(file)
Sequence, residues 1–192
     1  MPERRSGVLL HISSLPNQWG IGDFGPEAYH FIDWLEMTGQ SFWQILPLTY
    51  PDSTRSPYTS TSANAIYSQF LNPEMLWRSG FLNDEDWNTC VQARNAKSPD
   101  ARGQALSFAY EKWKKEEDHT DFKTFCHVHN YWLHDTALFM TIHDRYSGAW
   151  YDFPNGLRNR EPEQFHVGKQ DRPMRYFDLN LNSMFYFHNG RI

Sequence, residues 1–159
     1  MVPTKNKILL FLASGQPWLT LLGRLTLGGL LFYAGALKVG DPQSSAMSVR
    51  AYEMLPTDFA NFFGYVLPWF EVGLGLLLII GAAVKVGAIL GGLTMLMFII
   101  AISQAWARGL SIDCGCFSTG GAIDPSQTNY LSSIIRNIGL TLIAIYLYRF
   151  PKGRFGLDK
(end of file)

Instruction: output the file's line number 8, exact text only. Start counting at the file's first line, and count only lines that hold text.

    51  AYEMLPTDFA NFFGYVLPWF EVGLGLLLII GAAVKVGAIL GGLTMLMFII